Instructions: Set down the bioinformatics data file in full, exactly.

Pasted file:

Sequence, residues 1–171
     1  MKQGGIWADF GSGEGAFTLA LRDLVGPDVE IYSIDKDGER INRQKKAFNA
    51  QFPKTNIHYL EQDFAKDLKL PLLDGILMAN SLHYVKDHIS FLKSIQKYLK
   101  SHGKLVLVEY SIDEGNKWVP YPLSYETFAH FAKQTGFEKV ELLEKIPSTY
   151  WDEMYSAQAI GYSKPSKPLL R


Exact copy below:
Sequence, residues 1–171
     1  MKQGGIWADF GSGEGAFTLA LRDLVGPDVE IYSIDKDGER INRQKKAFNA
    51  QFPKTNIHYL EQDFAKDLKL PLLDGILMAN SLHYVKDHIS FLKSIQKYLK
   101  SHGKLVLVEY SIDEGNKWVP YPLSYETFAH FAKQTGFEKV ELLEKIPSTY
   151  WDEMYSAQAI GYSKPSKPLL R